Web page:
Leon Worden

A Porta Potty primer for newbies

By Leon Worden
Wednesday, September 30, 1998

t hasn't been in the news much in the last three years, and there are probably a lot of newcomers who don't know why old-timers give a nervous wink or chuckle whenever you mention Porta Bella. Dan Hon is dead, so gone are the frequent and witty reminders in these editorial pages that Porta Potty, as he called it, is one big ol' stinky mess.

It reared its ugly head again this month when the city Planning Commission opened hearings on the proposed Magic-Princessa roadway. A lot of what applies to Porta Bella also applies to Magic-Princessa, because the road runs through the property.

To understand Porta Bella (the 996-acre black area in the middle of the city that burned a couple of weeks ago), Magic-Princessa, and other things city planners have in mind for the area — like a new, multi-million-dollar civic center — you have to understand that the conversation is taking place in two parallel universes. In one universe is the city, which in 1995 approved the plans for Porta Bella like it would with any other project. The plan calls for 2,911 new homes over 20 years, eventually plopping 10,000 new residents onto the most congested intersection in town. It's the biggest new construction project ever approved by the City Council.

It would include a shopping district of outdoor cafes, boutiques, theaters and some City Walk-type escalators to get shoppers up a hill. It would also accommodate the nearby construction of the city's proposed $20 million "Taj Mahal" (another Dan Hon-ism, although former councilman Carl Boyer coined the phrase), along with a $42 million taxpayer-funded cultural arts center and other government buildings on a $7 million piece of city-owned land.

Nobody is sure which way SCOPE was looking when the city agreed to let the developer pave over more ridgelines and fill in more ecologically significant stream beds than ever. Planners in 1992 said the project would have to conform with the city's ridgeline ordinance but later changed their minds, saying the developer submitted the plans a month before the ordinance took effect.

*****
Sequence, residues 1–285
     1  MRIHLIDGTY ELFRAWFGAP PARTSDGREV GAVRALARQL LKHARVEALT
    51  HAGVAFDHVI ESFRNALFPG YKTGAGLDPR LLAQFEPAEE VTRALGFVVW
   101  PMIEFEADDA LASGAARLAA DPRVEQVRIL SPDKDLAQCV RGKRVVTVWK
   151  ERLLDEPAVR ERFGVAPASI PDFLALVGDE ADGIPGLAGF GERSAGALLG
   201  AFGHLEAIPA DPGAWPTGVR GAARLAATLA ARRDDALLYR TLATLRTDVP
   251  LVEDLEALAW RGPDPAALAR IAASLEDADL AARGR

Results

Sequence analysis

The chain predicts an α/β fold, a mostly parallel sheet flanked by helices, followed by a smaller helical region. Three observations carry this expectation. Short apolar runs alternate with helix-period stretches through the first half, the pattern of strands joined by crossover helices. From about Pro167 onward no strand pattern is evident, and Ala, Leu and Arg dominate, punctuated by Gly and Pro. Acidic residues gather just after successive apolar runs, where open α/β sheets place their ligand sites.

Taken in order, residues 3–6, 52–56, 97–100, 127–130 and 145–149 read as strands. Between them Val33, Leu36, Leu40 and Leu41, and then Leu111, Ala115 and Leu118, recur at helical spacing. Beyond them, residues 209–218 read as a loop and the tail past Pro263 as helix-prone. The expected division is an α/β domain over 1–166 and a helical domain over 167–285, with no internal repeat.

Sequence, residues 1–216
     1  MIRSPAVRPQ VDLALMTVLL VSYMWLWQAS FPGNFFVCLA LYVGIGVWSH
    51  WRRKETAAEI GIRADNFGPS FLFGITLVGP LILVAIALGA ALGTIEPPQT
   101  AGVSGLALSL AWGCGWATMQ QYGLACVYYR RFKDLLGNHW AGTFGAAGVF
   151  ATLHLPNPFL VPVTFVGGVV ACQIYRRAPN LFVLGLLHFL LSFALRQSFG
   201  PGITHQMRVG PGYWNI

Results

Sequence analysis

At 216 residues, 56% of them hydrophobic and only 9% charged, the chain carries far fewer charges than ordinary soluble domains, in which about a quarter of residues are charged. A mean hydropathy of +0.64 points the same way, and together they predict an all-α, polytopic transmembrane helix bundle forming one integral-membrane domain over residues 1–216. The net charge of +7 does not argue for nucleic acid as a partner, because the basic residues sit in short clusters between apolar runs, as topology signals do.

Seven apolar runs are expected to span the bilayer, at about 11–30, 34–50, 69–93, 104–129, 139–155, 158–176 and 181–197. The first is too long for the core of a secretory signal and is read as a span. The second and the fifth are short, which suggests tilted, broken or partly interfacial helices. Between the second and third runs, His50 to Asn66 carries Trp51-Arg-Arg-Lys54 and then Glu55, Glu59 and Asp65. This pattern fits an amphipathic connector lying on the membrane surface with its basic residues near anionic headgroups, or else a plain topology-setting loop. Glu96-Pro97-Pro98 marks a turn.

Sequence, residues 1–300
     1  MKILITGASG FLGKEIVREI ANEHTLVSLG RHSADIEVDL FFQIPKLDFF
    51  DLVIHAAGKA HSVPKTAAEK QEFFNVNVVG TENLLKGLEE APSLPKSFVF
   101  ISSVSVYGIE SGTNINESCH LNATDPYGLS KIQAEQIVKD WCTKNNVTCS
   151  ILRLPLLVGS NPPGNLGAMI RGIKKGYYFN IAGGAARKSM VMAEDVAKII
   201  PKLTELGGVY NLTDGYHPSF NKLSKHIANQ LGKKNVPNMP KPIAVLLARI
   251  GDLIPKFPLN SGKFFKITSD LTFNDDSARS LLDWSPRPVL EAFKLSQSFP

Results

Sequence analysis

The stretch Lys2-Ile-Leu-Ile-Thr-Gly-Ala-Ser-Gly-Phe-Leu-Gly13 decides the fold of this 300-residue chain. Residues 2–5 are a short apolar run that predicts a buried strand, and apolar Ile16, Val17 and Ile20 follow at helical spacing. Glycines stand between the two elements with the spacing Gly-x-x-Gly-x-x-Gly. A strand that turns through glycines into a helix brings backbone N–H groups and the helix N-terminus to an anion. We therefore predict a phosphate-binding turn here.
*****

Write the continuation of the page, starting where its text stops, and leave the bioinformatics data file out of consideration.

Now then, everything I just said depends on what goes on in the other universe, because Porta Bella isn't just "any other project."

The other universe is the domain of the state Department of Toxic Substances Control, a division of the California Environmental Protection Agency. In 1992, DTSC executed a search warrant on the Porta Bella property because paperwork filed by the land owner, Whittaker Corp., didn't disclose all the areas of toxic pollution. For most of this century, from shortly after World War I to 1987, the Bermite Powder Co. manufactured explosives on the Porta Bella property. By 1994, DTSC had identified 77 new sites of toxic pollution including lead azide, red phosphorus, barium, zinc, copper, chrome and chlorinated solvents such as tetrachloroethylene and trichloroethylene — all toxic and/or carcinogens.

Now the agency is said to be dealing with pollution from perchlorates, a rocket fuel derivative which has contaminated Santa Clarita Water Co. and Newhall County Water District wells (they've been capped). There is no state-approved way to clean perchlorates. DTSC's investigation is ongoing. Cleanup was initially targeted for January 2001, but as stated in the Magic-Princessa environmental impact report, "more recent information indicates that this schedule may not be met."